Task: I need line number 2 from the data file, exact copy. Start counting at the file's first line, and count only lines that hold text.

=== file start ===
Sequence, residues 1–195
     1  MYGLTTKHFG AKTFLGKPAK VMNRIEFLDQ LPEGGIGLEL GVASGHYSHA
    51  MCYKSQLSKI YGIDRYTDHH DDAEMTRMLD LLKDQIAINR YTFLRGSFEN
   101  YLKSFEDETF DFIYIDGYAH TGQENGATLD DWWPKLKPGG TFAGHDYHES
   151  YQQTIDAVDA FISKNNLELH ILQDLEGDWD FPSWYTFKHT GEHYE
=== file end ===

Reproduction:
     1  MYGLTTKHFG AKTFLGKPAK VMNRIEFLDQ LPEGGIGLEL GVASGHYSHA